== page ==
Computer Science Capstone Team Wins IEEE Grant

A computer science senior project team of Brice Aldrich, Devin Aspy, and Zach Pratt were awarded an IEEE Standards Education Grant for their capstone project, sponsored by INdigital Telecom. The team is advised by Zesheng Chen, assistant professor of computer science.

Their project, “Redundant Failover Seamless-IP-Stack (RFSIS),” about creating an Internet Protocol Stack (i.e., IP-Stack) that supports seamless redundant failover for legacy systems and for future Internet-of-things (i.e., IoT) applications.

The IP-Stack is designed to provide a quick response to failover, in order to backup systems within user-land. It will more specifically be beneficial in the telecommunications industry, where most working systems are archaic and do not provide seamless failover technology.

The IEEE Student Grants require that student projects apply or implement industry standards. The team must submit an application paper for publication by the IEEE upon completion of the project. This is the second time a computer science department team won this grant.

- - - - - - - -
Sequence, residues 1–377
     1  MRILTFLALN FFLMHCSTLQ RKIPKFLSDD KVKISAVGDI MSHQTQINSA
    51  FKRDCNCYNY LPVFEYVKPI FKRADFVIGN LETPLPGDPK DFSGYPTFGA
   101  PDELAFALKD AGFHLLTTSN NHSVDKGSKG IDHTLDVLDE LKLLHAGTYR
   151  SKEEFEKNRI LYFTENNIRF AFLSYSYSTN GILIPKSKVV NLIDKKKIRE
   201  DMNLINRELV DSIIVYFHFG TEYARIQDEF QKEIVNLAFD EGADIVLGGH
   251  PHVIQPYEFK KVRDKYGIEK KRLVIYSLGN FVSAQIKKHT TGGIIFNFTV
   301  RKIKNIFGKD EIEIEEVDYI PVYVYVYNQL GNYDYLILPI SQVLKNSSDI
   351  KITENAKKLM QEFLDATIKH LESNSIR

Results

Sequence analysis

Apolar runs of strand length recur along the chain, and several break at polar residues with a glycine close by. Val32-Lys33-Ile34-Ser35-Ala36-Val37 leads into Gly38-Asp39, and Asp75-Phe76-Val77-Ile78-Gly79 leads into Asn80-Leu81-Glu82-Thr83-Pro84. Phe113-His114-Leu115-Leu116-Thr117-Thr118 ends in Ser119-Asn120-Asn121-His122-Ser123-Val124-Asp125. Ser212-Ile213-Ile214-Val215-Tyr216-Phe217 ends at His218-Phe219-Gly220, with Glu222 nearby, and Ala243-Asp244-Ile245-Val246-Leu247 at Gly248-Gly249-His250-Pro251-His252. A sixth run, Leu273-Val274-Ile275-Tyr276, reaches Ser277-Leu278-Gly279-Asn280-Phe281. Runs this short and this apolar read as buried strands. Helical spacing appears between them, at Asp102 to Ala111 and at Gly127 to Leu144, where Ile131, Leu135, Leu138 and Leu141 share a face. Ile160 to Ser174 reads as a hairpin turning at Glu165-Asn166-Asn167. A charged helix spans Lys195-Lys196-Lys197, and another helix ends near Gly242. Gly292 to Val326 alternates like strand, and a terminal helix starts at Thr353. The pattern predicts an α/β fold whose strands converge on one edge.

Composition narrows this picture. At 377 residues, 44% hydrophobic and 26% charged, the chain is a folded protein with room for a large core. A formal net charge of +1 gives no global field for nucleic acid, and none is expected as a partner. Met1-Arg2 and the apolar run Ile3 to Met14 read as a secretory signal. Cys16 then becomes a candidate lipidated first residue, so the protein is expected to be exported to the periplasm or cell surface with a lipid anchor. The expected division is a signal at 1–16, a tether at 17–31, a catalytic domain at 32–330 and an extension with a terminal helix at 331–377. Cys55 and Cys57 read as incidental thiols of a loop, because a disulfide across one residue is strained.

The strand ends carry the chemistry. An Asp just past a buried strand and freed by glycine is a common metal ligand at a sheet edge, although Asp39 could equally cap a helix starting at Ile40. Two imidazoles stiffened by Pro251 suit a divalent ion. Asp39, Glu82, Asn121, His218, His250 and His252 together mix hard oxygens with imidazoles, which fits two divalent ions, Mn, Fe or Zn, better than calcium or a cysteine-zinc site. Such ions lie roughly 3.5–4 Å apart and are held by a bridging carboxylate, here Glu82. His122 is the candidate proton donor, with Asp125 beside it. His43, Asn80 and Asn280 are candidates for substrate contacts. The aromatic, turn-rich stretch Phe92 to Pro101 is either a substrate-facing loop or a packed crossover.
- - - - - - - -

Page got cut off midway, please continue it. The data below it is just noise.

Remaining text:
Chapman Scholars conduct 1-day voter registration drive as part of service project

As part of a service project, four IPFW Chapman Scholars conducted a one-day voter registration drive at IPFW on Monday, October 3. Bre Anne Briskey, senior, psychology; Abbigayle Dunlavy, senior, biology; Amber Edelman, senior, accounting; and Seth Schmenk, senior, civil engineering estimate they registered 30 voters and allowed dozens more to check their registration status and polling locations.

Using iPads supplied by IPSGA, the students helped others check their voter registration status. Those who were not registered could use the iPads to register online immediately. Later that evening, the junior Chapman scholars continued the drive in the common area at IPFW’s student housing complex.

The students were aided by junior Chapman scholar mentors, Craig Ortsey, continuing lecturer in political science, Kimberly O’Connor assistant professor of organizational leadership & supervision, and Andrew Downs, associate professor of political science and director of the Mike Downs Center for Indiana Politics, who provided the group with guidance on how to register voters in Indiana.